Whom to Trust

“Do not put your trust in princes,” the psalmist says. They are mere mortals, their means are limited, and whatever plans they have die with them.

An unspoken corollary would be not to despair over princes either. It’s true that a bad leader might make a mess of things, and the worst can do a world of damage. But even the most terrible regimes come to an end eventually, and no matter what else is going on, God is still God, and God is working to redeem this world.

Which, of course, is the reason for our hope. “Happy are those whose help is the God of Jacob, whose hope is in the Lord their God,” the psalmist goes on to say. God made heaven and earth, and the Lord keeps faith forever, even when human beings don’t.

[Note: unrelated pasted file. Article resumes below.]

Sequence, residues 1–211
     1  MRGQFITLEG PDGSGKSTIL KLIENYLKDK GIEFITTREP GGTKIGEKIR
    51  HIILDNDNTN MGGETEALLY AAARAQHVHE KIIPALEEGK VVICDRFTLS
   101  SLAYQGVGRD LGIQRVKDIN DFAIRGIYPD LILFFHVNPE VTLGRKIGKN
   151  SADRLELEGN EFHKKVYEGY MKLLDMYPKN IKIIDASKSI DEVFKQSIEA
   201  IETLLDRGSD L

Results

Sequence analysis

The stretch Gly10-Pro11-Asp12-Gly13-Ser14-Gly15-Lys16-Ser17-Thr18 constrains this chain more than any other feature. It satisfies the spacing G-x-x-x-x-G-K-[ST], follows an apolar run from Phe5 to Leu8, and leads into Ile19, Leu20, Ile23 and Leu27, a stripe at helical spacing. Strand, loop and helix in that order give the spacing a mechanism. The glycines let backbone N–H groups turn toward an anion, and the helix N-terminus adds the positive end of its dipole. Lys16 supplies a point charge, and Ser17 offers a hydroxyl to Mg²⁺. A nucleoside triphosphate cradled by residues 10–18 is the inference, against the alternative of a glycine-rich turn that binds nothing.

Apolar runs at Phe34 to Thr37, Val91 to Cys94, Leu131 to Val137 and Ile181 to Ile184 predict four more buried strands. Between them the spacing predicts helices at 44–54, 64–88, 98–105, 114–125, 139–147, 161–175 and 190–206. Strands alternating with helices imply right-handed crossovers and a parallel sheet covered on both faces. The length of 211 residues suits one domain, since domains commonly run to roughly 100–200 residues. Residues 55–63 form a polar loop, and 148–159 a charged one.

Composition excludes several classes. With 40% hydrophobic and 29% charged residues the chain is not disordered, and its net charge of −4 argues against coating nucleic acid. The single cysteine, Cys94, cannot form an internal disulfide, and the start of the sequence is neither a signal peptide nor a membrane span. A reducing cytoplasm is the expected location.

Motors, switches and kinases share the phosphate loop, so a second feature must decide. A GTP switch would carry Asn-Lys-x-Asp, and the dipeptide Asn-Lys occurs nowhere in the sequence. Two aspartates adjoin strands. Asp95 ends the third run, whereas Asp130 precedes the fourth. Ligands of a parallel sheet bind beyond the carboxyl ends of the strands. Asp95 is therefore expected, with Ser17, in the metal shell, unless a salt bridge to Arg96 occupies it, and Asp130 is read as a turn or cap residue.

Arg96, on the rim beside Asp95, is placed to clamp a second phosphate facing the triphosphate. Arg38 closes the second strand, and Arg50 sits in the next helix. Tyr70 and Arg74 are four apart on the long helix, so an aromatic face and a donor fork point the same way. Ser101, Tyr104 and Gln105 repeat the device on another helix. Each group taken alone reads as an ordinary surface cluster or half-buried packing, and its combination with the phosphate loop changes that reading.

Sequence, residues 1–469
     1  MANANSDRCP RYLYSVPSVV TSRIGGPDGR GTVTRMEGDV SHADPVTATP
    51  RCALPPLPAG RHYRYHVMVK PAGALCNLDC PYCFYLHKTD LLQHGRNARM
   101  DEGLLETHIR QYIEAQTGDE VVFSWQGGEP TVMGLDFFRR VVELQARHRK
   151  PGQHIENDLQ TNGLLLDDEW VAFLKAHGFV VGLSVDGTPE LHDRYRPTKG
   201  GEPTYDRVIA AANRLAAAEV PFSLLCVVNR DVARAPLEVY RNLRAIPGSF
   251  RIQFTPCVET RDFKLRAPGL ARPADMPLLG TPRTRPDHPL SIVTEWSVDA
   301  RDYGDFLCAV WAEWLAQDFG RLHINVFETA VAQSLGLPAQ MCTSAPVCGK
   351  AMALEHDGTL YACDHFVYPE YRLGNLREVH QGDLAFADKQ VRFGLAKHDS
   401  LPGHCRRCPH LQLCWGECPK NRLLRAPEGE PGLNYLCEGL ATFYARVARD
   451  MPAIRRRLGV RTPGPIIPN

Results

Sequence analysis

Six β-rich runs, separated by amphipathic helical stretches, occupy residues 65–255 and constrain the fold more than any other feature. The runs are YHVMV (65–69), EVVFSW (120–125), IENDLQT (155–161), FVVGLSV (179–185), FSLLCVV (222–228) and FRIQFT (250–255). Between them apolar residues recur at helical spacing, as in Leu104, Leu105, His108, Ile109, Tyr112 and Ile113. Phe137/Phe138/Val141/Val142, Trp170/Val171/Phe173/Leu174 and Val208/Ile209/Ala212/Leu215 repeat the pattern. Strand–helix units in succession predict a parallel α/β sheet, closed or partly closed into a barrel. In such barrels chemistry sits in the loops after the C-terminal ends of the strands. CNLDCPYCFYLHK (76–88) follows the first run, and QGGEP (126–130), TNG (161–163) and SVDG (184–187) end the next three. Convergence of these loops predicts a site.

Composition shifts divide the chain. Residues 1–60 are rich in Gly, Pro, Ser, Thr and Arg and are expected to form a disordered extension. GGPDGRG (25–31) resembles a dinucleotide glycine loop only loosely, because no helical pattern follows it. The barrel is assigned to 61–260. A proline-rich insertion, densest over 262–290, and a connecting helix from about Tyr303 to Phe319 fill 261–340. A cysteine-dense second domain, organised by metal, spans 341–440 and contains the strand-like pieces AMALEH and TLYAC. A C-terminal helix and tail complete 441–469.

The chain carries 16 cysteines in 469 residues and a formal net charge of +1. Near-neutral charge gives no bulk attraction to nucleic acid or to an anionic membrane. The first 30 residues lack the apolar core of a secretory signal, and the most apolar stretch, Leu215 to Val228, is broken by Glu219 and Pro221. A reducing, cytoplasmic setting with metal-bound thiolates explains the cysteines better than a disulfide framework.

God’s keeping faith includes all sorts of encouraging signs. God executes justice for the oppressed, gives food to the hungry, sets the prisoner free, lifts up those who are bowed down, watches over the strangers, and upholds the orphan and the widow. That’s a short list of things God cares about, the psalmist reminds us; and because God cares about them, so must the people of God.

In fact, God’s people are the principal way God gets things done among us. So whatever the princes are doing, or failing to do, our job is the same: to be about God’s work in the world. Earthly rulers come and go, but “the Lord will reign forever.” Praise the Lord!

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